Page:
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I Hate the GMAT

Okay, I don’t hate the GMAT, but maybe you do. Fair enough. The GMAT is a divisive test (and I’m not talking about how it divides everyone into percentiles). I’m talking about how people love it and hate it. The passion is intense and the hatred is incinerating. Tasked with approaching these “haters,” my first inclination was to disabuse them of their negativity and preach the wisdom of positive thoughts. Until I read an article about the benefits of negative thinking.

One particular technique, credited to the Stoic philosophers of Greece, stood out as counterintuitive and intriguing, and something that we might be able to use for “GMAT haters.” “…Sometimes the best way to address an uncertain future is to focus not on the best-case scenario but on the worst…Just thinking in sober detail about worst-case scenarios—a technique the Stoics called ‘the premeditation of evils’—can help to sap the future of its anxiety-producing power.” And that is exactly what we will do.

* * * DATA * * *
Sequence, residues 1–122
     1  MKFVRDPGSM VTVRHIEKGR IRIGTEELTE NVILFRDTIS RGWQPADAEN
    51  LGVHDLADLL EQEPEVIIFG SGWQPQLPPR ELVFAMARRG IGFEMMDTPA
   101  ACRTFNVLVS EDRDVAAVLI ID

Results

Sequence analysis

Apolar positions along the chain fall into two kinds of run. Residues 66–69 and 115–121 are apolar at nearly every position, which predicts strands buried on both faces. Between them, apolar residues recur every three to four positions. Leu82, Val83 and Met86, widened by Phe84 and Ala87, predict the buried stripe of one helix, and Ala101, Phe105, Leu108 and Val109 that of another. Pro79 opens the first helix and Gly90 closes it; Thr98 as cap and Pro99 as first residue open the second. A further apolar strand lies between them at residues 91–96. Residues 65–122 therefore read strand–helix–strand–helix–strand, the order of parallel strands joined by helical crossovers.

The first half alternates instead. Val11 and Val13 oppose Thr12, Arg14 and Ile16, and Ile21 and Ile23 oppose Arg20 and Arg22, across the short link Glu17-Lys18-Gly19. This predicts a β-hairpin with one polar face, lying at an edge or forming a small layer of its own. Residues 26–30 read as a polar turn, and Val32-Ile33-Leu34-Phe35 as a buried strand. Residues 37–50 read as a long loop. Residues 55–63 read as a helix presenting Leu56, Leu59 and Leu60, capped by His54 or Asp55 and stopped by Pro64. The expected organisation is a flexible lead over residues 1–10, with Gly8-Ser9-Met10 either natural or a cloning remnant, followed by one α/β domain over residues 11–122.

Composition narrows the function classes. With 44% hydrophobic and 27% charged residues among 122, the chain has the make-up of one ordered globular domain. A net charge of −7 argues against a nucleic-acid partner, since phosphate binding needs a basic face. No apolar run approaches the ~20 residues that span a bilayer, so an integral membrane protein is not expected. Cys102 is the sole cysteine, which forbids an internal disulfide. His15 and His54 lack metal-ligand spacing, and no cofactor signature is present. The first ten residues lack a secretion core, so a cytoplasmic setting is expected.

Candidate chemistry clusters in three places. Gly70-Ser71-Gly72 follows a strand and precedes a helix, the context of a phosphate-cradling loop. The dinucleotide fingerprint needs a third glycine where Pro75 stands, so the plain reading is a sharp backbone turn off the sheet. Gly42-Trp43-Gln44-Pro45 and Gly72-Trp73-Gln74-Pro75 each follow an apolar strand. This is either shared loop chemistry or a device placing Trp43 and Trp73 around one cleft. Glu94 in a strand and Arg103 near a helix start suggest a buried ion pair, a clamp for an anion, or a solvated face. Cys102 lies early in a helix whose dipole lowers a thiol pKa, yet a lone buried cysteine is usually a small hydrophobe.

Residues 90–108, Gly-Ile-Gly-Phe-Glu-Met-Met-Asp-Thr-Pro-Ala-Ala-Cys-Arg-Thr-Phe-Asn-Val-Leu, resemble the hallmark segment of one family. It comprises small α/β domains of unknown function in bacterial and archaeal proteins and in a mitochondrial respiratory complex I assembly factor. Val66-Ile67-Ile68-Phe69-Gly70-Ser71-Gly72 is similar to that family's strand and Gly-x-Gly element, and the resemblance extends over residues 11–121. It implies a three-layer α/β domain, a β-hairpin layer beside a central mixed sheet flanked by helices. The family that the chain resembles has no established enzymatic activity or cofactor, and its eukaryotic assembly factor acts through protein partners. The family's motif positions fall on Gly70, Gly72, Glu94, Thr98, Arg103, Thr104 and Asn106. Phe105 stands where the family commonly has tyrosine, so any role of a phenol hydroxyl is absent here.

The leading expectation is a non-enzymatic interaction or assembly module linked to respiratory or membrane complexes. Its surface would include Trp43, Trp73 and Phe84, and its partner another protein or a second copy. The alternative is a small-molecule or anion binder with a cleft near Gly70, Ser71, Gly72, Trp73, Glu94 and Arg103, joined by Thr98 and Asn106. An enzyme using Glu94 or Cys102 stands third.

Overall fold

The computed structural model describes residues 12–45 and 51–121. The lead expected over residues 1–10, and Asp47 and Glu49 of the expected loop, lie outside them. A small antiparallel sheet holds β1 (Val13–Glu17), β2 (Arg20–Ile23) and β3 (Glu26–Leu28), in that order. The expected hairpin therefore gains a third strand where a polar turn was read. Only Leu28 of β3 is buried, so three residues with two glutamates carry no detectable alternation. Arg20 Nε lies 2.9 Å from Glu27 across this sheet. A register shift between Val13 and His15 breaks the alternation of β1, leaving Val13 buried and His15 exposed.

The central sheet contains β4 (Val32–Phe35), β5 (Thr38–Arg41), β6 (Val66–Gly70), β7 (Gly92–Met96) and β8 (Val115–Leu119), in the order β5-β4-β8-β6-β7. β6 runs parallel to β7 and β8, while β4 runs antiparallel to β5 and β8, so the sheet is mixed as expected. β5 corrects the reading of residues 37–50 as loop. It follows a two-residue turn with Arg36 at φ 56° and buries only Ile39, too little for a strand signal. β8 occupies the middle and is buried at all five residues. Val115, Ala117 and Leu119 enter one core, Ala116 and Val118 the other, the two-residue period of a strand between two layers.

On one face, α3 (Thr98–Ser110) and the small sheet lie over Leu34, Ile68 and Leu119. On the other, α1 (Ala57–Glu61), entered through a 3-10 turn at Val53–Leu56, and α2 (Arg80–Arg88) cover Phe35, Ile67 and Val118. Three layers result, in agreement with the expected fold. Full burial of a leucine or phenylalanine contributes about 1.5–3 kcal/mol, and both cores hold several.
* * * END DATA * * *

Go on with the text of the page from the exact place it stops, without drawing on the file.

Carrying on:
Let’s go through all the reasons you might find the GMAT infuriating and meditate on these evils in the hopes of usurping their anxiety-causing power. And if that doesn’t work, at least you’ll have a chance to vent before you get back to studying.

I Hate the GMAT Because of the Cost

“The GMAT is absurdly overpriced! How do they expect us to pay $250 to take a test!?!”

You’re right! This test is expensive. It’s one of the most expensive standardized tests, even the ones for law school and med school are cheaper. And you know, if you don’t optimize your studies, you’ll end up taking the test a second time, maybe even a third time. Who knows, you might take it eight times like this person. Now we are talking about spending thousands of dollars before you even get into a school.

This brings up a good point—business school expenses. The cost of the test might not be enough to cover the cost of books for your first semester. You are worried about $250 when you are going to probably quit work and go to school full time for at least two years. Wharton grads leave with an MBA and a debt just over $100,000. Harvard and Stanford is better, but not by much. These students still owe around $75,000.